The Screen and St. Charles

Today is the feast of St. Charles Borromeo, and as such, I am writing on the topic of the confessional. The confessional booth and screen has been in use for about 500 years in the Western Church, and it is St Charles who is largely responsible for introducing it.

Milan Confessional

I am a big fan of the screen for a number of reasons. Since the Second Vatican Council, the “reconciliation room” has replaced the confessional in many places. Sometimes the screen is not provided as an option. Where this is the case, the faithful ought to know that the 1984 code of canon law guarantees they have a right to the screen, and they should not put up with this sort of manipulation. (In the 1917 code of canon law a screen or grill dividing the priest from penitent was mandatory.)

So what are the benefits of the screen? I had a little trouble categorizing the reasons. I ended up dividing it into effects of using the screen and benefits flowing from them.

The priest doesn’t know (or at least must have some doubt) who is confessing.

  1. This protects the seal of the sacrament. Priests are bound, under threat of excommunication and dismissal from the clerical state, to keep all confessions secret. But…there have been recent attempts, as well as many historic examples, of government authorities to force priests to divulge things told to them in confession. If the priest doesn’t know who is confessing, it is impossible for him to break the seal.
  2. Psychologically, being anonymous may help penitents to give a full and honest confession with less anxiety and embarrassment.
  3. It prevents personal biases, intentional or unintentional, on the part of the priest. Advice, penances and such would therefore be more objective to the matter confessed, rather than the particular person.

One typically kneels when behind the screen.

  1. This posture is more appropriate to the nature of the sacrament. It is fitting that one kneel when confessing their faults and asking mercy.
  2. This posture reinforces the interior attitude of humility in the penitent.
  3. Kneeling in the traditional confessional places ones mouth a few inches from the priest’s ear. The result is that one can speak fairly quietly. This makes the confession more private and less likely to be overheard.

It is formal and focused on confessing.

  1. It keeps penitents who tend to be ‘chatty’ from chatting up the priest. Face to face reconciliation rooms with cushy chairs and boxes of tissue encourages the mentality of meeting with a counselor or having a friendly chat with Father in the rectory living room.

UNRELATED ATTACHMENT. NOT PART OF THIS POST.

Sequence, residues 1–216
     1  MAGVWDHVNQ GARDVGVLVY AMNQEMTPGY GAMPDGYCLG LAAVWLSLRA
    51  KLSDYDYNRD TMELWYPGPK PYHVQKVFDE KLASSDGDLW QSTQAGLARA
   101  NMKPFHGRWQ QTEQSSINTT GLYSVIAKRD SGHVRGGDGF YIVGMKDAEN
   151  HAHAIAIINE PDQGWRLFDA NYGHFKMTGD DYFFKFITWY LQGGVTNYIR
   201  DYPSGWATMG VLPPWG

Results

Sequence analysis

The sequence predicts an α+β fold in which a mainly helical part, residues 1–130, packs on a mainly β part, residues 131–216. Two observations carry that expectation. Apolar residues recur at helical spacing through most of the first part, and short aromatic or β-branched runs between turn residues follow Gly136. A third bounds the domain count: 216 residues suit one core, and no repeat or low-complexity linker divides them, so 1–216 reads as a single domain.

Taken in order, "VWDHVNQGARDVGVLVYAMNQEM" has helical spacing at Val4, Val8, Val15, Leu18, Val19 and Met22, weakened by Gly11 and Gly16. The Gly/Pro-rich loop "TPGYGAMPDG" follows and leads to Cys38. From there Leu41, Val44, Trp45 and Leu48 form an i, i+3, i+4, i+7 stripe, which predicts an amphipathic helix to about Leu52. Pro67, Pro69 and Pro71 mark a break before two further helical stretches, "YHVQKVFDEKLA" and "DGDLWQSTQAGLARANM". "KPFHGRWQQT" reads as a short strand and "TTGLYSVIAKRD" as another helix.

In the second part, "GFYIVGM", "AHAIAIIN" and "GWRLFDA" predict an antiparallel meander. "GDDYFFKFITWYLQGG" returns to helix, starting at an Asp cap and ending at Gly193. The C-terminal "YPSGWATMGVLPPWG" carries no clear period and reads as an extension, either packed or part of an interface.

2. It prevents priests who tend to be casual and ‘chatty’ from chatting up the penitent.
  3. Shorter confessions. This is very important when there are other people waiting to confess. I know 1 and 2 above happen, because I have waited in line on occasion for a certain elderly woman who spent 15 minutes in the face to face side of the confessional and could be overheard giggling. (I have nothing against elderly women, of course).

Lastly, the screen provides a degree of separation between penitent and confessor.

  1. If I were a priest, I would absolutely refuse to hear confessions of individuals in a windowless, soundproof room. There are too many people out there who wouldn’t hesitate to accuse a priest of inappropriate behavior in an attempt to make a quick buck.
  2. As a father, I will not be sending my children into a windowless, soundproof room with someone I hardly know. Bad men can receive holy orders just as easily as virtuous ones.

I can count on one hand the number of times I’ve gone to confession without a screen. One of them was to a fairly traditional priest. It was a makeshift situation. He sat in a chair resting his head on his hand. He didn’t look up, I knelt beside him, and pretty much had all the benefits of behind the screen. On one other occasion, I stepped into a confessional to find that all dividers had been removed. It was arranged so that you had to sit directly in front of the minister with him staring at you. This is what I call ‘forced face to face’, and it is wrong (not to mention canonically illegal). The Eastern Church should maintain its tradition, which is out in the open, and more like the first experience I described. We in the West have developed the booth for the practical reasons of privacy without scandal. I think we ought to maintain it.  Confession saves souls. So we should, as much as possible, remove all obstacles to its practice.

St. Charles Borromeo pray for us.

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